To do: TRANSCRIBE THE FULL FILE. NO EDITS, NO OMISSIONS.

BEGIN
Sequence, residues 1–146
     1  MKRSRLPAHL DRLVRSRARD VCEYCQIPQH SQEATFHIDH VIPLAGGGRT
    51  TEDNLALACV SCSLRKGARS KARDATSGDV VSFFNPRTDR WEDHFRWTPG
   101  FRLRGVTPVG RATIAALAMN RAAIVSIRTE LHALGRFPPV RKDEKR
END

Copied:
Sequence, residues 1–146
     1  MKRSRLPAHL DRLVRSRARD VCEYCQIPQH SQEATFHIDH VIPLAGGGRT
    51  TEDNLALACV SCSLRKGARS KARDATSGDV VSFFNPRTDR WEDHFRWTPG
   101  FRLRGVTPVG RATIAALAMN RAAIVSIRTE LHALGRFPPV RKDEKR